Veryst employs advanced computational fluid dynamics (CFD) tools and analytical models to understand and visualize complex flow behavior. We use our grounded knowledge of computational methods, fluid mechanics, and physics to provide practical design recommendations. Clients use our analyses to perform proof of concept investigations, understand product and process performance, and develop improvements, which has resulted in new intellectual property. We stress the importance of engineering fundamentals as well as testing and validation for all of our modeling efforts, due to the complexity and nonlinear nature of many of the applications we encounter.
Our engineers’ experience includes using CFD tools to understand lipid nanoparticle self-assembly for mRNA vaccine production, biofluid dynamics problems, microscale flow and transport in microfluidic devices, flows of complex fluids like slurries or suspensions, and turbulent flows to predict mixing and heat transfer. Our fluid flow analyses often involve other physics such as heat and species transport, chemical reactions and combustion, fluid-structure interaction, surface tension and wetting, and particle or cell motion.
Fluid Mechanics Expertise
We work extensively in solving fluid mechanics problems, including laminar and turbulent flows, single and multiphase systems, and interaction with other physics.
A fundamental aspect of mixing is the stretching and folding of the interface between initially separated substances. This occurs in many forms and systems: agitated versus static mixers, laminar versus turbulent flows, lab versus production scale, etc. It also occurs in systems where mixing is weakly coupled with the flow (passive mixing) or tightly coupled with the flow (mixing of variable density substances, flows with chemical reactions, multiple phases, etc.).
Microfluidics is the science and engineering of devices and processes involving flow through channels and chambers whose smallest dimension is less than 1 mm. Examples include tools to model oxygen transport and uptake by cells within an organ-on-a-chip microfluidic device, chemical carryover and concentration gradients in a microchannel, chaotic microfluidic mixing, and lipid nanoparticle self-assembly for mRNA vaccine production. Read more about microfluidics.
Capillary Flows, Surface Tension and Wetting
Veryst has considerable expertise in surface tension and wetting and capillary flow phenomena including wicking, bubbles (nucleation and mitigation), droplets (generation, adhesion, flow), cavitation, water repellency, patterned wetting, electrowetting, electrokinetic flows, contact angle hysteresis, and leakage/seepage through valves and seals.
Multiphase systems include two or more materials (gas, liquid, or solid) flowing and interacting with each other simultaneously. Examples of such systems include bubbles flowing through microchannels, the precipitation and self-assembly of lipid nanoparticles for mRNA vaccines, exhaled droplet plumes, sprays, nebulization, and aqueous microdroplets transported in an immiscible oil carrier. The interaction of the various phases can be complex and requires expert knowledge of the appropriate numerical techniques to capture that complex behavior in a simulation.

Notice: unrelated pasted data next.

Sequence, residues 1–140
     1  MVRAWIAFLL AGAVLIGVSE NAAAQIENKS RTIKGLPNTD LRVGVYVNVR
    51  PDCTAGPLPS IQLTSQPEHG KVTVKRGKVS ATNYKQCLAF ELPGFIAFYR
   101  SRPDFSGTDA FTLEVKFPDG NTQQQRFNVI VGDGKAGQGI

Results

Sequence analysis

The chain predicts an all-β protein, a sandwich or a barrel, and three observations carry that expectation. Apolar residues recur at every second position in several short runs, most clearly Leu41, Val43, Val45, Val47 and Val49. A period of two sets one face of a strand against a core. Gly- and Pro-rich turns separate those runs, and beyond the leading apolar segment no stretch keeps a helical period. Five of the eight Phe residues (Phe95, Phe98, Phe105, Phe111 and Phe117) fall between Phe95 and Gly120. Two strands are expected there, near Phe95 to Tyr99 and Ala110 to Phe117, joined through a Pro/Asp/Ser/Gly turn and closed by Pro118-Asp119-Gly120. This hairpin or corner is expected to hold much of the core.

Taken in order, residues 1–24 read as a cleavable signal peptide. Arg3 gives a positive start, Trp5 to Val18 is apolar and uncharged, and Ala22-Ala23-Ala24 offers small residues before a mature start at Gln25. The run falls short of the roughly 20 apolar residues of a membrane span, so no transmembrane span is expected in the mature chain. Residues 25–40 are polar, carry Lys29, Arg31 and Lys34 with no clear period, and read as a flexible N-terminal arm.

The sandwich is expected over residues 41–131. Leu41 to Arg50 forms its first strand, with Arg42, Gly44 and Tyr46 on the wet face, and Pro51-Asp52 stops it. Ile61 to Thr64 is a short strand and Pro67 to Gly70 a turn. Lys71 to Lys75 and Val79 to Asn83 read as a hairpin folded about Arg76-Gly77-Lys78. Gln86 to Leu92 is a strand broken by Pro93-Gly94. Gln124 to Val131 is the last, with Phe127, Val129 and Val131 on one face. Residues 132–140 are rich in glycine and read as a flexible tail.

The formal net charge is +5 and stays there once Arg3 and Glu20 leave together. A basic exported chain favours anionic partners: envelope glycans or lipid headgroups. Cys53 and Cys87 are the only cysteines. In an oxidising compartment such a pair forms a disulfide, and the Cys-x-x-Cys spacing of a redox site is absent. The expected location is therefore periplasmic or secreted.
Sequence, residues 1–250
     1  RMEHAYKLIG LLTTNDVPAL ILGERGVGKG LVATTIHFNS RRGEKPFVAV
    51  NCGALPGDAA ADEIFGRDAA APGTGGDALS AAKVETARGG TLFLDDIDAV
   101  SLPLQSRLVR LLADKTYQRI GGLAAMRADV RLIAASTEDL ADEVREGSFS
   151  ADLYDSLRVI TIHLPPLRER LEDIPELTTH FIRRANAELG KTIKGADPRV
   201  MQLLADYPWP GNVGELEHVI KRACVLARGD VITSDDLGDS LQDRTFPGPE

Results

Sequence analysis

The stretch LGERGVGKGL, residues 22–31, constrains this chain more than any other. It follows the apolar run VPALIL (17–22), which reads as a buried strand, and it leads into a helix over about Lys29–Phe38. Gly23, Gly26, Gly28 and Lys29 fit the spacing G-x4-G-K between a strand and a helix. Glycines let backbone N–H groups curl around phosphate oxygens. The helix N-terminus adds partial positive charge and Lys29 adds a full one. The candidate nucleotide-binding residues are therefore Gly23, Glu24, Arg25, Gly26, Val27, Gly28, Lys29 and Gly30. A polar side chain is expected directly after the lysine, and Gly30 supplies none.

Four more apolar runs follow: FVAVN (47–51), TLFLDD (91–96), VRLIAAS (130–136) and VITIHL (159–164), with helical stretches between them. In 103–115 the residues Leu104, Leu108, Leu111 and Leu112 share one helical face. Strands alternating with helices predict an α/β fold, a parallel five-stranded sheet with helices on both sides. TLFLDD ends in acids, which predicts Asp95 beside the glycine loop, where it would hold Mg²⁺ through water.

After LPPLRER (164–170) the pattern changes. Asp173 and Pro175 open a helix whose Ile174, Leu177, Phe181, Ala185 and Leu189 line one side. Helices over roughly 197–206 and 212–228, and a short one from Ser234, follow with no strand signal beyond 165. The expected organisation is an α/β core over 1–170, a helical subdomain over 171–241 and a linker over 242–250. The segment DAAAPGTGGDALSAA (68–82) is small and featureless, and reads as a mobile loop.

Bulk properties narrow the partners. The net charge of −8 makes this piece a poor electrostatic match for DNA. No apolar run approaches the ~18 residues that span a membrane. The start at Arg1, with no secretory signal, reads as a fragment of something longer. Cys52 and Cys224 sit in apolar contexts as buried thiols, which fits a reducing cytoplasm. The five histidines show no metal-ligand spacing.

Chemically reacting flows, like those found in bioreactors, engines, or fires, exhibit strong coupling between heat, mass, and momentum transport. For applications involving turbulent flows, modeling the turbulence-chemistry interaction with appropriate fidelity is critical to obtaining useful insights into highly nonlinear processes. For example, we’ve worked on the scale-up of bioreactors, thermal management of combustor liners, and flame propagation around obstacles within an enclosure.
Fluid-structure interaction (FSI) refers to analyses involving coupled fluid flow and solid deformation. Depending upon the problem, the interaction may be along a shared boundary or it may be internal to the structure, as in the case of poroelasticity. In addition to the solid and fluid deformation, FSI requires handling a moving mesh. Read more about fluid-structure interaction.
Thermal CFD and Conjugate Heat Transfer
Modeling of many thermal technologies requires coupling fluid-flow with heat transfer, often including conduction in the adjacent solids. The coupled processes can be highly complex, particularly if the fluid flow includes turbulence or if the heat transfer involves processes such as radiation, boiling, evaporation, or mixed fluids with varying thermal properties. Read more about thermal CFD.
Complex Fluids and Rheology
Modeling processes involving complex fluids such as blood, particulate suspensions, and polymeric liquids requires sophisticated models and numerical techniques to capture their complex behavior. Even in small-scale, non-inertial flows, such fluids exhibit a nonlinear stress response due to their micro-constitutive elements that impacts their dynamics and stability. Example problems include blood flow and health, clogging of formulated products, granular abrasives, and binders in energy storage devices.